Santa Fe Las Campanas Bond/Stock Market Report

Friday’s bond market has opened in positive territory due to slightly weaker than expected economic news and early stock weakness. The stock markets initially opened in negative territory and dropped noticeably during Fed Chairman Bernanke’s speech in Jackson Hole, Wyoming. However, the major indexes have rebounded from those earlier lows and have pushed into positive ground. The Dow is currently up 4 points, which is almost a 230-point swing from its low point of the day. The Nasdaq also has shown a strong recovery, currently up 24 points after dropping 34 points earlier. The bond market is currently up 10/32, meaning we should see an improvement of approximately .250 of a discount point in this morning’s mortgage rates if comparing to yesterday’s morning pricing.
This morning’s economic reports showed results that were mixed for bonds and mortgage rates, but neither revealed any significant surprises. The revision to the 2nd Quarter Gross Domestic Product (GDP) came in a 1.0% when analysts were expecting to see a 1.1% rate of growth during the quarter. The difference is good news for bonds and interest rates, however, the overall downward revision is the better news. The 0.3% downward revision sounds and looks better than the 0.1% variance from forecasts.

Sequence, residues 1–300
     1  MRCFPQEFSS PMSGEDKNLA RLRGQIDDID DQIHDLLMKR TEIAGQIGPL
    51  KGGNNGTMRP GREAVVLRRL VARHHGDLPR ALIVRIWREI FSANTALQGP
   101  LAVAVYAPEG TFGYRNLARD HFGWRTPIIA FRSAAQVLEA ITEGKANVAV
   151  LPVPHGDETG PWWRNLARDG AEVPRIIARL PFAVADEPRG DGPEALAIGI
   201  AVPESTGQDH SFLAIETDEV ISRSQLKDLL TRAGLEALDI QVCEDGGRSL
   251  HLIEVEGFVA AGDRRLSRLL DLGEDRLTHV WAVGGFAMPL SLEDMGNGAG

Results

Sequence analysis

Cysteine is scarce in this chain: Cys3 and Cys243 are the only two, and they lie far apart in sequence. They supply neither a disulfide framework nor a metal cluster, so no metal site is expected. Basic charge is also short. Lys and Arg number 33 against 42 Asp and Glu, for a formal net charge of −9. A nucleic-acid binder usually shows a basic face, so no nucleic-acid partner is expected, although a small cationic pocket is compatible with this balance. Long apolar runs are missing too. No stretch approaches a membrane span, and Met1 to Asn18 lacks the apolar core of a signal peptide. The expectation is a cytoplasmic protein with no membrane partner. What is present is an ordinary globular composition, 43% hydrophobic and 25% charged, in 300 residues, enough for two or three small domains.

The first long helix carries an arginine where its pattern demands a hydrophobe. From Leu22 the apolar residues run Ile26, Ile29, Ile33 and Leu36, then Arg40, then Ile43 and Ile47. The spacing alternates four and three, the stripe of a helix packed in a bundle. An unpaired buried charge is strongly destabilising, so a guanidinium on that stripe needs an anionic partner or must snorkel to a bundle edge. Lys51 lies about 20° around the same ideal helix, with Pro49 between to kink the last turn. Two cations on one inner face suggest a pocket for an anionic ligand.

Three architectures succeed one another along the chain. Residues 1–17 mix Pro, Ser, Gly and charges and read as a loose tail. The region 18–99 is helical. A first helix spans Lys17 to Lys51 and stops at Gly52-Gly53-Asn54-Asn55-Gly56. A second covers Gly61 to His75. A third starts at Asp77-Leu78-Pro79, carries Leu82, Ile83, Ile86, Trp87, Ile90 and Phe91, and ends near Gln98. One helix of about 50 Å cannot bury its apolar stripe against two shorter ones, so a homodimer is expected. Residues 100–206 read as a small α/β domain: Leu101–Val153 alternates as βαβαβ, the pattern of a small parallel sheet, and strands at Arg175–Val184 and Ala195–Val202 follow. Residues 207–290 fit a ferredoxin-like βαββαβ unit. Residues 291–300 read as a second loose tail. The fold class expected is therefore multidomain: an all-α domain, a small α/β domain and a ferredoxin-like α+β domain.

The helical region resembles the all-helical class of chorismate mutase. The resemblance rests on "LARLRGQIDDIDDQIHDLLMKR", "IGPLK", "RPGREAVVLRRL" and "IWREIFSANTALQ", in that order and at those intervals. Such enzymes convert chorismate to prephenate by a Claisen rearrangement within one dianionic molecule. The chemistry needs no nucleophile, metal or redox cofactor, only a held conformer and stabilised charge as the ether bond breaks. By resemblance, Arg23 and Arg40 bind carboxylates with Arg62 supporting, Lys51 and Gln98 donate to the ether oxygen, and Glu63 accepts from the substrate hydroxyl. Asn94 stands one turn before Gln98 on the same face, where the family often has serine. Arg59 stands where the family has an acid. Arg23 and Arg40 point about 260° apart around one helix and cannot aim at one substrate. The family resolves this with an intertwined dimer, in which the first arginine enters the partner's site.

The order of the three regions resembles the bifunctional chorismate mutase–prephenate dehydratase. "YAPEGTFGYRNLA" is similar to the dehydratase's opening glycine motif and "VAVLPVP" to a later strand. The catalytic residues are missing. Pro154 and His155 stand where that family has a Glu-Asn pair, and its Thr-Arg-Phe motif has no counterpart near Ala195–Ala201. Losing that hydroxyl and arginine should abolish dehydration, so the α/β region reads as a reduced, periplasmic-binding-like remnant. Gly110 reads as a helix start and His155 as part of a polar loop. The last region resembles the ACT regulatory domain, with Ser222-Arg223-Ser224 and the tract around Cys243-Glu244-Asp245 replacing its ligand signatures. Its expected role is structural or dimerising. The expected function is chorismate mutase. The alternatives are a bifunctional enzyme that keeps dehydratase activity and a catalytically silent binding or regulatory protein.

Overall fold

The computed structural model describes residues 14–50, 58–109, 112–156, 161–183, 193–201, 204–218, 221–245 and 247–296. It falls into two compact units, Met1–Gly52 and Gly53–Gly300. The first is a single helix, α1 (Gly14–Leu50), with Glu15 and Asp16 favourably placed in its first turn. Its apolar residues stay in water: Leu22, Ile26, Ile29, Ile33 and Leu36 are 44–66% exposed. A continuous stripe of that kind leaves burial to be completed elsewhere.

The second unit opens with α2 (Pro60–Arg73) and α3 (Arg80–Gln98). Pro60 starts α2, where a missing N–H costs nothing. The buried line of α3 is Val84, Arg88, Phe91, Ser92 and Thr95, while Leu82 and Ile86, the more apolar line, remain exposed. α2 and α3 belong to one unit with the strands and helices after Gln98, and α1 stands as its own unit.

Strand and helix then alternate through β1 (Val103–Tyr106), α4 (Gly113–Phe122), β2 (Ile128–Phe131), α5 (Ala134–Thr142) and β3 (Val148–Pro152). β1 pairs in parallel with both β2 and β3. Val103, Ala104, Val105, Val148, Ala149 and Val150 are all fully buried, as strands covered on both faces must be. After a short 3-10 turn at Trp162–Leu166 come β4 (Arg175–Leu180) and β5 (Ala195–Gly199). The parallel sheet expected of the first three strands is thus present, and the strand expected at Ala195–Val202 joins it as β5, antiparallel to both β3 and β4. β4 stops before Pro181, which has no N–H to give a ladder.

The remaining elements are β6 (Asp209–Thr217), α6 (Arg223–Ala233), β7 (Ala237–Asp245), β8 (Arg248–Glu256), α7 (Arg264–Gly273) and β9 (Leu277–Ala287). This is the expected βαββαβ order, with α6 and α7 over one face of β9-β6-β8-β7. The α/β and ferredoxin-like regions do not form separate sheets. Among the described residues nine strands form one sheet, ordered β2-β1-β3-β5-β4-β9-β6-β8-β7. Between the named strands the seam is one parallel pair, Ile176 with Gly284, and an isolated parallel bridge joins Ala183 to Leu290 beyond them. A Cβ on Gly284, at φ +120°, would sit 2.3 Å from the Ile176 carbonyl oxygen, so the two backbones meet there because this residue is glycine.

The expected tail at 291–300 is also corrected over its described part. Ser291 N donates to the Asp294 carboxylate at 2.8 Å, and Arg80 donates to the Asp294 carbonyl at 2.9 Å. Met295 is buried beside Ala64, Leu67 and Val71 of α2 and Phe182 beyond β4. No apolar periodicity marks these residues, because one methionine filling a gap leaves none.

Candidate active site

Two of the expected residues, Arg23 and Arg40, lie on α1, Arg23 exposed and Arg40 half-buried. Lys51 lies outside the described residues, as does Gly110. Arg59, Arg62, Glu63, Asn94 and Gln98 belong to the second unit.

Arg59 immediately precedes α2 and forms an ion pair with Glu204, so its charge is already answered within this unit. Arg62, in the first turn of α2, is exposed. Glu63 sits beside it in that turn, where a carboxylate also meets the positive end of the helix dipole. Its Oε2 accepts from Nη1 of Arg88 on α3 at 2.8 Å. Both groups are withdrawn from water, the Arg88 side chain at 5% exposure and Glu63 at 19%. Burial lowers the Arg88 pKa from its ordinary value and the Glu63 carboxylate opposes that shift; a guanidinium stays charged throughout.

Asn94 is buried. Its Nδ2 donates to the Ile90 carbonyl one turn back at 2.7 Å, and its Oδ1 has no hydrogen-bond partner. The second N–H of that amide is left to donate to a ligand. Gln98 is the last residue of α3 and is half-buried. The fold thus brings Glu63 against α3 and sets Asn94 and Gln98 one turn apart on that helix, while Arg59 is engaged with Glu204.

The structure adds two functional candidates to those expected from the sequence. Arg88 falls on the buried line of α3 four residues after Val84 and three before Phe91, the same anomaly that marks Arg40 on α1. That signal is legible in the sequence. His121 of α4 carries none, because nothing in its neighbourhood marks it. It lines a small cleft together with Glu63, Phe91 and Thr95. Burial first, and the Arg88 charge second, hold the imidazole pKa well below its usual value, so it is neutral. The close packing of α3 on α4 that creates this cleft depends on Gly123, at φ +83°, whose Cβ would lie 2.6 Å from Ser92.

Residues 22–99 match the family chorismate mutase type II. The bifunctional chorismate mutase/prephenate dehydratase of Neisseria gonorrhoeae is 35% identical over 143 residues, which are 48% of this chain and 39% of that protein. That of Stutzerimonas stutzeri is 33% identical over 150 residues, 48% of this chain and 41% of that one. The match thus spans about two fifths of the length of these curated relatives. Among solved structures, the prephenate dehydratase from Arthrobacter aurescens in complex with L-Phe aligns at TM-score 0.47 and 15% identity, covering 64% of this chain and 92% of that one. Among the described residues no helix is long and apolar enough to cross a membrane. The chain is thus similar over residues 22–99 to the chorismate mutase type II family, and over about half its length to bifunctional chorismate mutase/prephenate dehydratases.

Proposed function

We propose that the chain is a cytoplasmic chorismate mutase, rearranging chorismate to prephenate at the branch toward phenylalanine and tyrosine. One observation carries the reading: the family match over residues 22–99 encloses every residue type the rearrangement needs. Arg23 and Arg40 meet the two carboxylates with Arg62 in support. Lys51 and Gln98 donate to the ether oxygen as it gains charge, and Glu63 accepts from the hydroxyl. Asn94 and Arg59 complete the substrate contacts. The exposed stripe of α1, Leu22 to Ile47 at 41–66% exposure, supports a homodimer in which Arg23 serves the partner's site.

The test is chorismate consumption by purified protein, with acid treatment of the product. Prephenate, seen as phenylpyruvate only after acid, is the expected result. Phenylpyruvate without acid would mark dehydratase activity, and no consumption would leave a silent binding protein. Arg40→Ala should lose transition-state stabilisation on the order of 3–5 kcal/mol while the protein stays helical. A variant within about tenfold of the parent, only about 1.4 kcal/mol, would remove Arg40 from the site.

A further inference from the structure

August’s revision to the University of Michigan’s Index of Consumer Sentiment gave us similar results. It stood at 55.7 this month according to today’s update, nearly matching forecasts of a 55.8 reading. The preliminary reading that was released earlier this month showed 54.9, indicating that consumers were more optimistic about their own financial situations than previously thought. That can be considered negative news for the bond market because it means that consumers may be more willing to make large purchases in the near future. Since consumer spending makes up two-thirds of the U.S. economy, waning levels of confidence are considered to be favorable for long-term investments such as mortgage-related bonds.
Mr. Bernanke’s speech this morning caused a fair amount of volatility in the markets. He said that next month’s FOMC meeting has been changed to a two-day meeting so that they have additional time to consider what steps to take to help boost economic growth. He warned that the Fed’s hands are somewhat tied, calling on Washington to do their share, specifically to be careful when make deficit reduction decisions. He hinted about concern that some measures considered by Congress my hurt the economy in the short-term. Overall, he basically let us know that the Fed is considering further action but did not give any details as to what that may be.
Yesterday’s 7-year Note auction went fairly well. By most measurements it did better than Wednesday’s 5-year Note sale. Still, investor demand was not overwhelmingly strong, which raises the question if current bond yields may be limiting further investment. If that is the case, then we may have seen the bottom in mortgage rates, at least for the time being.
Next week is packed with relevant economic reports, including back-to-back heavyweights Thursday and Friday (ISM and Employment respectively). There is data scheduled for each day of the week, including Monday’s Personal Income and Outlays report.